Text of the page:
Dark Winds Season 2 Episode 4 Review: The March


Joe Leaphorn can become a bit obsessed, can’t he, especially when he was chasing the man who he had been told staged the explosion that killed his son J.J. on Dark Winds Season 2 Episode 4.

This has been the central metaphysical mystery in Joe’s life for the past few years.

Why was his son taken from him at such a young age?

When young Benny relayed to him that the blond man he had been pursuing was also the person who caused the drill-site explosion that claimed J.J., catching the killer took on greater urgency for Leaphorn.

You could question why Joe would invest so much faith in the memory of a young boy. But he’s got blinders on when it comes to J.J., his and Emma’s only child.

Understanding Leaphorn’s psyche explains most of his foolhardy moves while tracking Wolf.

Let’s begin with the exciting scene, which started off the whole season on Dark Winds Season 2 Episode 1.

Joe and Bern had finally found the hideout of the blond man, although they didn’t yet know his name, Colton Wolf. After learning that backup was hours away, Leaphorn decided to forge on.

Which explained why he and Bern ended up pinned down by Wolf’s semiautomatic fire. Fortunately, he just sought to distract them long enough to steal their vehicle (why does no one take their keys with them?).

You would think that Wolf would know the roads to his trailer. Yet, somehow, he lost control of the police car and ended up off the road and on foot in the dark. Before long, he was out of ammo as well.

Joe and Bern caught up to him, seemingly trapped on the ledge. He jumped into the fog below, and Leaphorn stupidly followed against Bern’s advice. He was too locked into the pursuit.

Joe got the worse of that maneuver, with his face bloodied and wrist broken, to the point he had to splint it. It sure appeared he had a concussion as well. But back then, it was called a bump on the head and wasn’t considered serious. Wolf suffered a sprained ankle. 

And yet, Leaphorn used his excellent tracking skills and knowledge of the area to get the drop on the younger, fitter Wolf. Yes, that was a stretch, but it could happen — the element of surprise and all.

Joe did what he could with handcuffs and a noose-like rope, attempting to keep Wolf in check for the few-mile walk to town through the mountains.

Meanwhile, Bern and Gordo were getting to know each other better, whether they liked it or not. The age gap was an evident problem. Fortunately, they had the common goal of saving Leaphorn, mostly from himself.

Gordo and Joe get each other as both are older and cynical. Joe remains a little bit philosophical, unlike Gordo.

While equally cynical, Bern takes crap from nobody. Since Gordo let her search with his men, you would think she would follow his orders, but no. She always knew better.

In the end, it turned out she was right, as she managed to arrive just when the man she described as like a father to her needed her to.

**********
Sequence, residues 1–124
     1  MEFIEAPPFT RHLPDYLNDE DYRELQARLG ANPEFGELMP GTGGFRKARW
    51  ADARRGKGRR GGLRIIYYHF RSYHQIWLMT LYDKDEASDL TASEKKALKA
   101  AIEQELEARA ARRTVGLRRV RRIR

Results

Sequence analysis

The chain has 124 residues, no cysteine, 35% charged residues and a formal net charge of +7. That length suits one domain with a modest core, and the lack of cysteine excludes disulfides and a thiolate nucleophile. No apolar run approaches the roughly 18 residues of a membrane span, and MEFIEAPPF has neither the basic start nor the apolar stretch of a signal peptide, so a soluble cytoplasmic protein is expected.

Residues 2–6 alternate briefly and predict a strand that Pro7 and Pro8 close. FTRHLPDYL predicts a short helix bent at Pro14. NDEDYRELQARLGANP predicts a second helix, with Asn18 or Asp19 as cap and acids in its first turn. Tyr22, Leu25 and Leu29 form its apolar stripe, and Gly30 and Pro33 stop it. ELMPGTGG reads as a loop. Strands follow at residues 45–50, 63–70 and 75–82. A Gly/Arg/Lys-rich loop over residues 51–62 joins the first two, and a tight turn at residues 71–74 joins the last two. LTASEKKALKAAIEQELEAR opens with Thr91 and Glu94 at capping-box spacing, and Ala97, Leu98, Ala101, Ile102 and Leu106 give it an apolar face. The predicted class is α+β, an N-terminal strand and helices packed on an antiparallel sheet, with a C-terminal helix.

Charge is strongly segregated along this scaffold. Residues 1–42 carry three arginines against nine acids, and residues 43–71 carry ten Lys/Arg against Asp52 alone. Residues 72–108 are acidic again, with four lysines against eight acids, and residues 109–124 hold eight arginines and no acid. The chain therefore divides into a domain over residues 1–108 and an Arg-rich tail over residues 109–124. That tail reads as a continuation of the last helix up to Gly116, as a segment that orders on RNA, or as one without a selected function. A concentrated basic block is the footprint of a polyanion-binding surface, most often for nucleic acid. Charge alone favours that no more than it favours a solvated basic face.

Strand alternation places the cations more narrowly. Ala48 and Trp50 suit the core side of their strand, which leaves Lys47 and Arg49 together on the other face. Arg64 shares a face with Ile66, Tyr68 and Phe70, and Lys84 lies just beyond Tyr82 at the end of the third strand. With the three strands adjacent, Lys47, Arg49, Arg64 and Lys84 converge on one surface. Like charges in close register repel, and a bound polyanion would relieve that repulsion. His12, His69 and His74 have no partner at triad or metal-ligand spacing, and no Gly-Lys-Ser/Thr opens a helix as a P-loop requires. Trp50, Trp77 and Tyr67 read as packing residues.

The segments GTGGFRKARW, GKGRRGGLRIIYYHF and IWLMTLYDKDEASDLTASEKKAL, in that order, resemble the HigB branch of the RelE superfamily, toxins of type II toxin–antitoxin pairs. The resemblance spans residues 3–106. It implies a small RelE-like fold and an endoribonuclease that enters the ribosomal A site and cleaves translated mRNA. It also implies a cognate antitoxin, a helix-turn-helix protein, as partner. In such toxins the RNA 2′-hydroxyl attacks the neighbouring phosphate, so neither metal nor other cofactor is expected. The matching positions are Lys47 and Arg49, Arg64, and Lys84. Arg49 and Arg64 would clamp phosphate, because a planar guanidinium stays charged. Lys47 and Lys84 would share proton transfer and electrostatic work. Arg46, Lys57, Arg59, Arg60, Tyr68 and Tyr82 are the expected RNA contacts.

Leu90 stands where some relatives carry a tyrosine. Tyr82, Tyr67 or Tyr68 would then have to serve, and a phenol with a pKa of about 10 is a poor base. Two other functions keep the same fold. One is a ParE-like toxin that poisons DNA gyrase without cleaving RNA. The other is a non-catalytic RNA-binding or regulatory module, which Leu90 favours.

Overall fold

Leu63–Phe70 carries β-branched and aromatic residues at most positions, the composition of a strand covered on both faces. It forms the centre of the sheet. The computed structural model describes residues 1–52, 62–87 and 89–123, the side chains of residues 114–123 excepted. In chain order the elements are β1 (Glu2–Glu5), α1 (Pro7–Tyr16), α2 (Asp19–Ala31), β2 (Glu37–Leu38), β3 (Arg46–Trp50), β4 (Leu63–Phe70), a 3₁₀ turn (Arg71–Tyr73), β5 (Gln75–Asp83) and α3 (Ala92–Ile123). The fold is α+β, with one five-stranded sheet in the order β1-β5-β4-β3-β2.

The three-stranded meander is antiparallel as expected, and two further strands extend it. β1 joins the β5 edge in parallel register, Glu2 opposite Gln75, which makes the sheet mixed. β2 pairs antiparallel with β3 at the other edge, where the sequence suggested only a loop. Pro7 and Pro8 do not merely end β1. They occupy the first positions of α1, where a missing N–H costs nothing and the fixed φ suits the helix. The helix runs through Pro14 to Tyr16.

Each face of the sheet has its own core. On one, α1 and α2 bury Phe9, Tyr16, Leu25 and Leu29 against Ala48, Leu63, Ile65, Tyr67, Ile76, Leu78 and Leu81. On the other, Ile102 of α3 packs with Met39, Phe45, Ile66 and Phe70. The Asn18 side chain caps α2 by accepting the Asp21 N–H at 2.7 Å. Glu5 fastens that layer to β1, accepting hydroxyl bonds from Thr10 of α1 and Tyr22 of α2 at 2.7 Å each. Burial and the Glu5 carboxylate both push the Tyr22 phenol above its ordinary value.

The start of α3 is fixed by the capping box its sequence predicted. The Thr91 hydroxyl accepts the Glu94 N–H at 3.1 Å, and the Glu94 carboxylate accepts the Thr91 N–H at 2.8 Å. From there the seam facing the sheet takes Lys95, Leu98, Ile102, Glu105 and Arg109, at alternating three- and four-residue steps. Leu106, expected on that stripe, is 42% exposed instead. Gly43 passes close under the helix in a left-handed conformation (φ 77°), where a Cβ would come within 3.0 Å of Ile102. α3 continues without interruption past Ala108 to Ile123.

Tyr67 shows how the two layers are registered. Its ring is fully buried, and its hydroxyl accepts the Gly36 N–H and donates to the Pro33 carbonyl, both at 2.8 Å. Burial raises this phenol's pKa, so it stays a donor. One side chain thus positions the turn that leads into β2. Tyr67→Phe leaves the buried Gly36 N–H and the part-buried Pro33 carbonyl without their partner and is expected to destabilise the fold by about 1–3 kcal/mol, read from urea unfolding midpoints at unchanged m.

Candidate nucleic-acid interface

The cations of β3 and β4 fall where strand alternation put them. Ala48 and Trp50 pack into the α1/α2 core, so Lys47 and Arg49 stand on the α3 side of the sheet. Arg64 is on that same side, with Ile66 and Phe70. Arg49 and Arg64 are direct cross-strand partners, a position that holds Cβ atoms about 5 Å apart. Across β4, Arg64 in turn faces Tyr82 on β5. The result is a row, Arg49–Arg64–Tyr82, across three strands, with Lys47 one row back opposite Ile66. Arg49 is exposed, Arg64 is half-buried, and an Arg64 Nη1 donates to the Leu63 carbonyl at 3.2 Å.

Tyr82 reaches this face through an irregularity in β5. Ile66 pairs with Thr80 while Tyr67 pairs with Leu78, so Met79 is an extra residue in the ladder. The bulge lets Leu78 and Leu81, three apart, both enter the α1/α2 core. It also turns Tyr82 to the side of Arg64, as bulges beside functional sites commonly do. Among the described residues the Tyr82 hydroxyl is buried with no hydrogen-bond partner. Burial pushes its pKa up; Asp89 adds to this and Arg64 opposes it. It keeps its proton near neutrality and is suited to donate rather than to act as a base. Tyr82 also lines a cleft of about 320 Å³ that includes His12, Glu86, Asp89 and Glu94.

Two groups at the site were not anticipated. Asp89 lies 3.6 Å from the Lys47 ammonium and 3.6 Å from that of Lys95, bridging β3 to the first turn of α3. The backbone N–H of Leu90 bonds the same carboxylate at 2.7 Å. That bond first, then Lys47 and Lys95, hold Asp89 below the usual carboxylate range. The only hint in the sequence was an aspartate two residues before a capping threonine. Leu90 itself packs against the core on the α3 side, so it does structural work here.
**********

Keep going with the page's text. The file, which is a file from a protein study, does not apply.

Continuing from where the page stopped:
The interplay between Leaphorn and Wolf was riveting. Throughout their long march, Wolf had no idea why Joe was so hellbent on bringing him in.

Wolf kept trying to get into Joe’s head, but he was concentrating so hard on staying upright and alert that the prisoner’s words weren’t registering with him.

It took Wolf way too long to piece together that Leaphorn wasn’t just doing his job but that bringing him in was personal to Joe. He still never got to why it was personal.

Wolf never stopped trying to escape, but Leaphorn was too determined to bring him in. He was the only connection to those behind J.J.’s death.

Speaking of B.J. (Ben) Vines, he and Rosemary both resurfaced in Jim Chee’s world, whether he wanted them or not.

Rosemary showed up first to pay Jim and offer that lamest of apologies for putting him in peril. He pointed out that other Indians ended up in worse shape.

Her reaction to Tomas’s murder made it seem like they had some relationship. If that was the case, why did she sic Chee on him to start with?

After Rosemary left, an armed B.J. burst in on Jim, accusing him of having an affair with her. Chee quickly disarmed him and set him straight on their relationship.

B.J. then attempted to hire Jim to find out who Rosemary’s lover was but was rebuffed. Apparently, that’s not the kind of private eye Chee wants to be.

Later, B.J. menaced Rosemary about knowing her place, topping that off with that message-laden necklace. Maybe Rosemary is a victim, not the schemer she appears to be.

Jim should rethink his refusal of B.J.’s offer. B.J. is up to his neck in this case as the new owner of the former oil-drilling site. And where does the People of Darkness cult, with which B.J. has been involved, have to do with this?

Will Wolf flip now that he’s been captured?

How have you changed your mind about Rosemary?

What is B.J. up to with the former oil-drilling site?

Comment below.

Dale McGarrigle is a staff writer for TV Fanatic. Follow him on Twitter.

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